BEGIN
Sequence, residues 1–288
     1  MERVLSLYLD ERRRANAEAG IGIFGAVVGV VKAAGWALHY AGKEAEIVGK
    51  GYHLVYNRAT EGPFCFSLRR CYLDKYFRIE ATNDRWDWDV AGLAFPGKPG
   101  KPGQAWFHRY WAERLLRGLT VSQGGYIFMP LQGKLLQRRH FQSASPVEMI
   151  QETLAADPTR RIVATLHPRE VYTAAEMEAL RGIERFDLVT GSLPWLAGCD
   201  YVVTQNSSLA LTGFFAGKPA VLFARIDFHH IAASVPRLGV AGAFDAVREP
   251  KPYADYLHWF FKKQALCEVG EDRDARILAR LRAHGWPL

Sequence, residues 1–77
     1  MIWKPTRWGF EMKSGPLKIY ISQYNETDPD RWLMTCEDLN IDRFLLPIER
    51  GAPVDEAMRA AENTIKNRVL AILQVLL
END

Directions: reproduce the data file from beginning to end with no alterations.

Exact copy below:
Sequence, residues 1–288
     1  MERVLSLYLD ERRRANAEAG IGIFGAVVGV VKAAGWALHY AGKEAEIVGK
    51  GYHLVYNRAT EGPFCFSLRR CYLDKYFRIE ATNDRWDWDV AGLAFPGKPG
   101  KPGQAWFHRY WAERLLRGLT VSQGGYIFMP LQGKLLQRRH FQSASPVEMI
   151  QETLAADPTR RIVATLHPRE VYTAAEMEAL RGIERFDLVT GSLPWLAGCD
   201  YVVTQNSSLA LTGFFAGKPA VLFARIDFHH IAASVPRLGV AGAFDAVREP
   251  KPYADYLHWF FKKQALCEVG EDRDARILAR LRAHGWPL

Sequence, residues 1–77
     1  MIWKPTRWGF EMKSGPLKIY ISQYNETDPD RWLMTCEDLN IDRFLLPIER
    51  GAPVDEAMRA AENTIKNRVL AILQVLL